|There's more than one way to do things|
Re^2: open and read text fileby afoken (Chancellor)
|on Jul 25, 2017 at 06:21 UTC||Need Help??|
I think the Shebang thing, although valid, is a red herring.
Other things may happen:
Bad interpreter, i.e. the program after #! could not be found. The Mac error message is at least similar.
Interpreter not executable:
Shebang not identified as such:
This also happens when there is an (invisible) Byte Order Mark (BOM) at the start of the file. What happens here?
The shell attempts to start ./shebang.pl via fork() and exec(), as usual. This will fail, because the kernel can't identify the file as binary executable or script with some interpreter (first two bytes aren't #!). At this point, a legacy mechanism in the shell kicks in. In the very early days of Unix, shell scripts did not have to have the shebang. If you chmod +x any text file and try to run it, but exec() fails, the shell will attempt to read it as a shell script. A little experiment shows this:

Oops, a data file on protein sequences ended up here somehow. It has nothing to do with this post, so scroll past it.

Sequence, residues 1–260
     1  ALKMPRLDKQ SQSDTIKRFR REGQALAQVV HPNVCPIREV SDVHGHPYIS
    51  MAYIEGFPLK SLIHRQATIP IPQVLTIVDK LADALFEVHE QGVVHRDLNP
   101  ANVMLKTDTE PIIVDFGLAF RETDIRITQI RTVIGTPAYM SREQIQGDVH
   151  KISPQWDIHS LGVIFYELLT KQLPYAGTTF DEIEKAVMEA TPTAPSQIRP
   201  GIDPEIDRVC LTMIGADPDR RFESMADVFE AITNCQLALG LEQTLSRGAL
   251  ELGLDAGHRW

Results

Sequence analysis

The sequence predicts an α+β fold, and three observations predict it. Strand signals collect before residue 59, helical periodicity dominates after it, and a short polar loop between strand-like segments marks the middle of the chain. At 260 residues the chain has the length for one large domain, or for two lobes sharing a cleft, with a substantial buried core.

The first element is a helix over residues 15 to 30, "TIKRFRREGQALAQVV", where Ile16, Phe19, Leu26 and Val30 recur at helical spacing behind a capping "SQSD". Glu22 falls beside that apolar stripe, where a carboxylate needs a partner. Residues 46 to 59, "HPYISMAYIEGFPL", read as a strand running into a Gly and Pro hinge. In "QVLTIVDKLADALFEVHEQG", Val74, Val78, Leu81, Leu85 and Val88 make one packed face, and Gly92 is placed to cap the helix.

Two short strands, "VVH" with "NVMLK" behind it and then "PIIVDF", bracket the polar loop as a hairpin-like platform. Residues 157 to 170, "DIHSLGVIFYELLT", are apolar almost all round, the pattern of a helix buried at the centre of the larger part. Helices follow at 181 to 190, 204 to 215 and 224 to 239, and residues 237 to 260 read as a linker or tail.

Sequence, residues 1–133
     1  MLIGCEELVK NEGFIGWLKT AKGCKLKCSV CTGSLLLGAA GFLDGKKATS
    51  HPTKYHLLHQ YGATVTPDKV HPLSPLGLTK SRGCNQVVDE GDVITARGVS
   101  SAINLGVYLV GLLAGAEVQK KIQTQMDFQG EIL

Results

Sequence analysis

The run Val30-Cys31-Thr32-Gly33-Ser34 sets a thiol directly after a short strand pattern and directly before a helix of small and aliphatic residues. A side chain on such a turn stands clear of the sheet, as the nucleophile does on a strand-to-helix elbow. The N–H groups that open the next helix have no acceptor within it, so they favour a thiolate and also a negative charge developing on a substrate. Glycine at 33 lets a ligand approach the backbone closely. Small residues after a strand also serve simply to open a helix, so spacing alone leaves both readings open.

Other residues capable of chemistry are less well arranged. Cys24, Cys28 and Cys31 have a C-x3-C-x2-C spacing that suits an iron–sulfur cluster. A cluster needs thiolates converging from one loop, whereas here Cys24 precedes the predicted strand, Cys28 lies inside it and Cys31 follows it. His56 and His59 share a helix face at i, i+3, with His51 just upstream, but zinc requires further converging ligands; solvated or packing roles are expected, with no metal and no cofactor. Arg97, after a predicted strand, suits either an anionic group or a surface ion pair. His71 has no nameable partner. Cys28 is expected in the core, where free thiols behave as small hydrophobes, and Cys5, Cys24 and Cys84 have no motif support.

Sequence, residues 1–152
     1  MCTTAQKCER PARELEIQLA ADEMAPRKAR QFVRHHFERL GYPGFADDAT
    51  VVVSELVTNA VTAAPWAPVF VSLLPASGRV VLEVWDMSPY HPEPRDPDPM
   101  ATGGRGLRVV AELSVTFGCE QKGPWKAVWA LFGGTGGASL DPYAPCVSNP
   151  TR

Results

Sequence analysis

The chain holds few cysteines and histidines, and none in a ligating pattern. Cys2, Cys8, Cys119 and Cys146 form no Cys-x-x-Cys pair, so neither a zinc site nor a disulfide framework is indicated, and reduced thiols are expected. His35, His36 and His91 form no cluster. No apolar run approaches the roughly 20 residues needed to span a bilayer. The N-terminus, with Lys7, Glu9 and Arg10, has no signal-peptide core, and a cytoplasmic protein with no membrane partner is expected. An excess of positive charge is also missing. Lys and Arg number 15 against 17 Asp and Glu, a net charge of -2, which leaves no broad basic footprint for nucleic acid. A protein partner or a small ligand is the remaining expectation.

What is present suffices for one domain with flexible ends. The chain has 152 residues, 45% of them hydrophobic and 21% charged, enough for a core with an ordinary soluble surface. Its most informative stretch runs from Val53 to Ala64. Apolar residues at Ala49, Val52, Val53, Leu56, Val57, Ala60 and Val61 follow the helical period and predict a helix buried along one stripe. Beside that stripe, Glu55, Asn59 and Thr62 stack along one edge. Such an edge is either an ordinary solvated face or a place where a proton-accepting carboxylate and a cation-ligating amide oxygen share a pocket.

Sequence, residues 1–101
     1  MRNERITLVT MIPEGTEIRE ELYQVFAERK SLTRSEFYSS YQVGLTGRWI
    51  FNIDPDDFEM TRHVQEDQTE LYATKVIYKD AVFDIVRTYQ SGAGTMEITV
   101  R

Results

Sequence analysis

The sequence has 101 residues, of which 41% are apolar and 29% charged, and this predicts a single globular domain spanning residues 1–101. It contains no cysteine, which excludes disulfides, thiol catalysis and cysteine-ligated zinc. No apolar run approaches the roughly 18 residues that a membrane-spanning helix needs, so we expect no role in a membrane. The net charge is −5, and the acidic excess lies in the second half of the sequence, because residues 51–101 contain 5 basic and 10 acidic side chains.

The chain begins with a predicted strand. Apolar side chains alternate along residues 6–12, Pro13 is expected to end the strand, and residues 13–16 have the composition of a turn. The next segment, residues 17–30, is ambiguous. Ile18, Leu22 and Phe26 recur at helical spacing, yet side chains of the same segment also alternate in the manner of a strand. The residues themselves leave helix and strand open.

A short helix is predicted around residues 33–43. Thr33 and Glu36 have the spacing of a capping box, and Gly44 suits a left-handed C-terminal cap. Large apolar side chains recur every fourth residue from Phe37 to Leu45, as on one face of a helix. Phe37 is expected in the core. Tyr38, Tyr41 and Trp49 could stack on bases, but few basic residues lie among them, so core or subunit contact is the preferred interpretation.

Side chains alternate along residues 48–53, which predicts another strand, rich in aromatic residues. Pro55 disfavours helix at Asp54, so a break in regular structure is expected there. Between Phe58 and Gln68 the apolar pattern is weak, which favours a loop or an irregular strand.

A little trick to ensure you don't run into the BOM trap:
This test must return 35 or the script does not start with the shebang. 10 is a LF, the end of the first line. 13 is CR, the end of the first line with MS-DOS or classic Mac line-endings, 32 is a space, 9 is a tab. Byte Order Marks may show up as 239 (UTF-8), 254 (UTF-16 BE), 255 (UTF-16 LE or UTF-32 LE), 0 (UTF-32 BE), 43 (UTF-7), 247 (UTF-1).
See also Re^2: Shebang behavior with perl
Today I will gladly share my knowledge and experience, for there are no sweeter words than "I told you so". ;-)